Today, HRC announced that U.S. Senator Kamala D. Harris will speak and two-time Emmy Award-winning actress Uzo Aduba will be honored at the 21st annual HRC National Dinner on Saturday, October 28, 2017, at the Washington Convention Center.
“Senator Kamala Harris is a champion of equality who is committed to helping us fight back against the Trump-Pence administration’s all-out war against the LGBTQ community,” said HRC President Chad Griffin. “Throughout her career in public life, Senator Harris has fought for the equal dignity of the LGBTQ community, and she is a national leader in the resistance against the politics of hate and fear. We look forward to welcoming Senator Harris to this year’s HRC National Dinner.”
“Using her incredible talent to help change countless hearts and minds, Uzo Aduba is a powerful and compelling voice for justice, fairness, and equality,” continued Griffin. “Aduba is unwavering in her commitment to helping advance equality for LGBTQ people around the globe. We are proud to honor her with the HRC Ally for Equality Award.”
A lifelong public safety and civil rights leader, U.S. Senator Kamala Harris was the first African-American and first woman to serve as Attorney General of California. She is also the second African-American woman in history to be elected to the United States Senate. Throughout her career as a prosecutor, Harris was a tireless advocate for voiceless and vulnerable Californians — including those in the LGBTQ community. Harris is a graduate of Howard University, one of America’s oldest historically black universities.
HRC will honor Uzo Aduba with the HRC Ally for Equality Award. The award recognizes the outstanding efforts of those who publicly stand up for the LGBTQ community, committing their time and energy to improve the lives of LGBTQ people and advance equality for all Americans. Known internationally in part for her celebrated role as Suzanne "Crazy Eyes" Warren in the groundbreaking series Orange is the New Black, Aduba is an outspoken ally for the LGBTQ community who credits the show with helping educate her — along with the rest of America — about many of the unique challenges LGBTQ people face. While acknowledging the improvements that have been made, Aduba has also taken a public stance in calling for greater diversity in television, including a need for more authentic stories of LGBTQ people. The child of immigrants from Nigeria, Aduba has also spoken out about the marginalization and persecution of the LGBTQ community in Nigeria.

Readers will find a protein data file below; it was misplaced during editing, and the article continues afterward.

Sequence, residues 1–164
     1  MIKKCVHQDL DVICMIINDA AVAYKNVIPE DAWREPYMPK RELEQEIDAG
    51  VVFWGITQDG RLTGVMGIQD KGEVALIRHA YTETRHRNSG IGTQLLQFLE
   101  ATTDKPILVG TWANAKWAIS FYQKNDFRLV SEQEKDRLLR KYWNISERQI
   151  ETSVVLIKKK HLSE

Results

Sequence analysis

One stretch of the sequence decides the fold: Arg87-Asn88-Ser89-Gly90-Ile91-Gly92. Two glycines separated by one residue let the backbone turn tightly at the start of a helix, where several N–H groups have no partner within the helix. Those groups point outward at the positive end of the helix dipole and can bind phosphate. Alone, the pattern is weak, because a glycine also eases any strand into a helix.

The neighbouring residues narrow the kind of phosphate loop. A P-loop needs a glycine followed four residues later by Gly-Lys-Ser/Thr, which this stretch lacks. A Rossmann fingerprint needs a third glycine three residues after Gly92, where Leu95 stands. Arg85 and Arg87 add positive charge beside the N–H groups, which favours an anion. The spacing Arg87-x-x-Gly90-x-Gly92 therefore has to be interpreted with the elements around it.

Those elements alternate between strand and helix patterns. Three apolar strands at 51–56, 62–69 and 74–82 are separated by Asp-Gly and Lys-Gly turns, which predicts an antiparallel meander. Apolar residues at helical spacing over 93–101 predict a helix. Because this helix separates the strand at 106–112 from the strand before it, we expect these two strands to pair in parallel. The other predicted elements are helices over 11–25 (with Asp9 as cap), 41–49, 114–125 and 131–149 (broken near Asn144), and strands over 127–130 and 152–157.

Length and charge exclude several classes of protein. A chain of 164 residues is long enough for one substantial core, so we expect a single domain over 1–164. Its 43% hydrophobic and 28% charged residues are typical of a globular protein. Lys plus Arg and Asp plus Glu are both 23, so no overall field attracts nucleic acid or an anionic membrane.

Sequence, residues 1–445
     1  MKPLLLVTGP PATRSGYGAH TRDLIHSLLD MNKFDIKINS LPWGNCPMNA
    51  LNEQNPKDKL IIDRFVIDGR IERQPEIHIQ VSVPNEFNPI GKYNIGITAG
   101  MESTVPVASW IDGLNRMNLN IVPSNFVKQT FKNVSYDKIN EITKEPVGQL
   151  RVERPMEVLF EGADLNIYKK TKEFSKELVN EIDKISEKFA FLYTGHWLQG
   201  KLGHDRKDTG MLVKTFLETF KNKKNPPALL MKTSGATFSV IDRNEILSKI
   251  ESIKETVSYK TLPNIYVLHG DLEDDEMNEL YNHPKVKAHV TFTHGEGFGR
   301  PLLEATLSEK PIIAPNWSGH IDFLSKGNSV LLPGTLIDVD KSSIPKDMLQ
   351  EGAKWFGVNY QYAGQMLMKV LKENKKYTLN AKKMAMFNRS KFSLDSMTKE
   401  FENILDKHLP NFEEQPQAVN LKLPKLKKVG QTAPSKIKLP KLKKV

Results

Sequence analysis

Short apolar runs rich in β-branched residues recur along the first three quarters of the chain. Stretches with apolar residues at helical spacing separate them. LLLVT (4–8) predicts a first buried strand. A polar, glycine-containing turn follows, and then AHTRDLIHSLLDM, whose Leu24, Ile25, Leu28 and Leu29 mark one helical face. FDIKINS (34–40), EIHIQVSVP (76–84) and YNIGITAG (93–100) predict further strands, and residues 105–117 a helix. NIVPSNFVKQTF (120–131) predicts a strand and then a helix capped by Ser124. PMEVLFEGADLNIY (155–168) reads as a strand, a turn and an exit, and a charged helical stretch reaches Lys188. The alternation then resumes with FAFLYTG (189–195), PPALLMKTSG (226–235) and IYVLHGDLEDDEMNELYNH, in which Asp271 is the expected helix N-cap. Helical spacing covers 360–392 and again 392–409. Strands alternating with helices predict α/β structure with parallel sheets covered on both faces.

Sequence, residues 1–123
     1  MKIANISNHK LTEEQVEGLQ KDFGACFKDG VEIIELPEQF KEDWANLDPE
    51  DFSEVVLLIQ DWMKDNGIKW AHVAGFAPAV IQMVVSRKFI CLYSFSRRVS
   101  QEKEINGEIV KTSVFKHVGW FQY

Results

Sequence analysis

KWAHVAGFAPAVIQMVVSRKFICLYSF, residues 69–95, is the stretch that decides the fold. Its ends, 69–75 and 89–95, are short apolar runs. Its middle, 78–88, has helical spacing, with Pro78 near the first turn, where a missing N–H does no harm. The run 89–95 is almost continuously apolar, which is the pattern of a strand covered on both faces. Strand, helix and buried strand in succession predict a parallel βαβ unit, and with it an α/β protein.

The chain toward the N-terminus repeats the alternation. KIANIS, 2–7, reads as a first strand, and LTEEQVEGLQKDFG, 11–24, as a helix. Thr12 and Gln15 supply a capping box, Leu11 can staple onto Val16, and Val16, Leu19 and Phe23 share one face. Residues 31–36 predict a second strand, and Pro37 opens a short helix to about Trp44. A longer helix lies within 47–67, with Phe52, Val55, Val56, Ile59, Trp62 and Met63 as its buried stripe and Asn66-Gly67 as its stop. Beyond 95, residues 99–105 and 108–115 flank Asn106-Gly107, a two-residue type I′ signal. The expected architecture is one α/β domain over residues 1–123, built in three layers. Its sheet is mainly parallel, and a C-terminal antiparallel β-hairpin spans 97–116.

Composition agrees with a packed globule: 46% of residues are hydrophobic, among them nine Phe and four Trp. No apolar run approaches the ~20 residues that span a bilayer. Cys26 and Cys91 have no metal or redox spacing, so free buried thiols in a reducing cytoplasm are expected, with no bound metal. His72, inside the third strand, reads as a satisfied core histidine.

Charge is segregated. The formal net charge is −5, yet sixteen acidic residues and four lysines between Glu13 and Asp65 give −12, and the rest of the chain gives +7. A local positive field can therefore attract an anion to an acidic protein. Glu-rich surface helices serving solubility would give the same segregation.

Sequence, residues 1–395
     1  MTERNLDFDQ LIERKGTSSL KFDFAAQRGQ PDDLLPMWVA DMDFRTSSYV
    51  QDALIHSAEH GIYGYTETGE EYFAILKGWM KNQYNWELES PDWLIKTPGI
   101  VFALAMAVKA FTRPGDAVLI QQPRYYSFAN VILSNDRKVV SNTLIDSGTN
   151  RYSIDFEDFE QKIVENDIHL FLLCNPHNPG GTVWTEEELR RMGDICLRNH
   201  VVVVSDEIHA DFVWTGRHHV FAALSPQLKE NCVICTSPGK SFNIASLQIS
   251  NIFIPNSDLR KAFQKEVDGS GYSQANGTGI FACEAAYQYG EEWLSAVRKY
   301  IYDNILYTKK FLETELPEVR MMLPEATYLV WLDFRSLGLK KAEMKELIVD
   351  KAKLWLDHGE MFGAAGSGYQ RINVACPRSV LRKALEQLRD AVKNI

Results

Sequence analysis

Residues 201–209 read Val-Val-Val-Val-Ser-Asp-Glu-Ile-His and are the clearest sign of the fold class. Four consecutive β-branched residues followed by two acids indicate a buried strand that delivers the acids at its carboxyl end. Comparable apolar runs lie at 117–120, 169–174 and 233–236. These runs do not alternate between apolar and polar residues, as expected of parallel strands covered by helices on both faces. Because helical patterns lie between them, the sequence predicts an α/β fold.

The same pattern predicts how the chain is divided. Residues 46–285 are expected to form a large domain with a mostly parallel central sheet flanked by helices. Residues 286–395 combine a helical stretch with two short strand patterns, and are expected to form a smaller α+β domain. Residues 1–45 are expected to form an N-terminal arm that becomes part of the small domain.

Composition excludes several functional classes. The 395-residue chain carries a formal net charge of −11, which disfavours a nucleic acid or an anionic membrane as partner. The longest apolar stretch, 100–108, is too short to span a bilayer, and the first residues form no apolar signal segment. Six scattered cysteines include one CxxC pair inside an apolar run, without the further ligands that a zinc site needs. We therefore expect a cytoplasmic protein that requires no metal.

The 21st annual HRC National Dinner is expected to draw nearly 3,600 guests. Further announcements on additional speakers and special guests will be forthcoming. Tickets and more information can be found at www.hrcnationaldinner.org